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Antipope Dioscorus

B. at Alexandria, date unknown; d. October 14, 530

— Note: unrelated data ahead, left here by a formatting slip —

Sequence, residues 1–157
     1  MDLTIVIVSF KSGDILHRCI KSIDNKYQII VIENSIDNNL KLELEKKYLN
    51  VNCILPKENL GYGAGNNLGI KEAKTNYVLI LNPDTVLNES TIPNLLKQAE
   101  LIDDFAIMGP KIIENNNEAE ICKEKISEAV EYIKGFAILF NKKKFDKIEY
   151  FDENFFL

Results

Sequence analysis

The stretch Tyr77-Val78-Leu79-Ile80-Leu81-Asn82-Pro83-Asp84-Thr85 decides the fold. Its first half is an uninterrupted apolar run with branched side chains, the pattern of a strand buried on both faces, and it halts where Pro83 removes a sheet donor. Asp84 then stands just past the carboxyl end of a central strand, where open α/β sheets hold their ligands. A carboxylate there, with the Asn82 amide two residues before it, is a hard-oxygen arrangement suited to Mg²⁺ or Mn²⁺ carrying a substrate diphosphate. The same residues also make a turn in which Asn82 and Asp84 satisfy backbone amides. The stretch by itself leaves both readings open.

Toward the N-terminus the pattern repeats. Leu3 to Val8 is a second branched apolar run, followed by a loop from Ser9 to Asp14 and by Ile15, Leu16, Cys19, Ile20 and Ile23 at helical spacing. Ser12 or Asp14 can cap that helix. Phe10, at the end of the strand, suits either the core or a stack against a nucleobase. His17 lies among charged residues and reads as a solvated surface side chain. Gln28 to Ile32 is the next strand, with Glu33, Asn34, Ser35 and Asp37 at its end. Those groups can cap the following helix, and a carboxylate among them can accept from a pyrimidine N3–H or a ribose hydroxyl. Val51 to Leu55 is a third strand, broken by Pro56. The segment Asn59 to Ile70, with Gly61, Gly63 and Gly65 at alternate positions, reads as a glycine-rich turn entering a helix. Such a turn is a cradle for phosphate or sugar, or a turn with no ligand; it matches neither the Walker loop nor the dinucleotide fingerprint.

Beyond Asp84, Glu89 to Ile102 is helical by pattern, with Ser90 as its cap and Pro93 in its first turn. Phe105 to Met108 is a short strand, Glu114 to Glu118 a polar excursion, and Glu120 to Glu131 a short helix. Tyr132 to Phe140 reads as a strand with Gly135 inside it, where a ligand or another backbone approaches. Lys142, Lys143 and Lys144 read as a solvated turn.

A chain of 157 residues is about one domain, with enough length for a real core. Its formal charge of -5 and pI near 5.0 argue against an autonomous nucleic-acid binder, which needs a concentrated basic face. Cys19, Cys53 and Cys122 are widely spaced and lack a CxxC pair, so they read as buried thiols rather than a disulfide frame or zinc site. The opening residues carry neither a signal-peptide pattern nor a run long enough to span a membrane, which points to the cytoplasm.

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Dioscorus, ANTIPOPE, b. at Alexandria, date unknown; d. October 14, 530. Originally a deacon of the Church of Alexandria, he was adopted into the ranks of the Roman clergy, and by his commanding abilities soon acquired considerable influence in the Church of Rome. Under Pope St. Symmachus he was sent to Ravenna on an important mission to Theodoric the Goth, and later, under Pope Hormisdas, served with great distinction as papal apocrisiarius, or legate, to the court of Justinian at Constantinople. During the pontificate of Felix IV he became the recognized head of the Byzantine party—a party in Rome which opposed the growing influence and power of a rival faction, the Gothic, to which the pope inclined. To prevent a possible contest for the papacy, Pope Felix IV, shortly before his death, had taken the unprecedented step of appointing his own successor in the person of the aged Archdeacon Boniface, his trusted friend and adviser. When, however, on the death of Felix (September, 530) Boniface II succeeded him, the great majority of the Roman priests—sixty out of sixty-seven—refused to accept the new pope and elected in his stead the Greek Dioscorus (September 17, 530). Both popes were consecrated on the same day (September 22, 530), Dioscorus in the basilica of Constantine (the Lateran) and Boniface in an aula (hall) of the Lateran Palace, known as the basilica Julii. Fortunately for the Roman Church, the schism which followed was but of short duration, for in less than a month (October 14, 530) Dioscorus died, and the presbyters who had elected him wisely submitted to Boniface. In December, 530, Boniface convened a synod at Rome and issued a decree anathematizing Dioscorus as an intruder. He at the same time (it is not known by what means) secured the signatures of the sixty presbyters to his late rival’s condemnation, and caused the document to be deposited in the archives of the Church. The anathema against Dioscorus was, however, subsequently removed, and the document solemnly burned by Pope Agapetus I (535). (See Pope Boniface II.)



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